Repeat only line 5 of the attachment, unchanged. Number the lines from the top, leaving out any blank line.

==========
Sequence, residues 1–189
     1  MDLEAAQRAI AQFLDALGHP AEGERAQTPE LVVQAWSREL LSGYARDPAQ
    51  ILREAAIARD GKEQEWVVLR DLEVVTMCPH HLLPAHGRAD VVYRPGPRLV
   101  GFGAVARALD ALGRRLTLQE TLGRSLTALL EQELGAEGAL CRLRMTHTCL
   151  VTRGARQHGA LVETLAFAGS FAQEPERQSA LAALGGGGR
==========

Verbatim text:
   151  VTRGARQHGA LVETLAFAGS FAQEPERQSA LAALGGGGR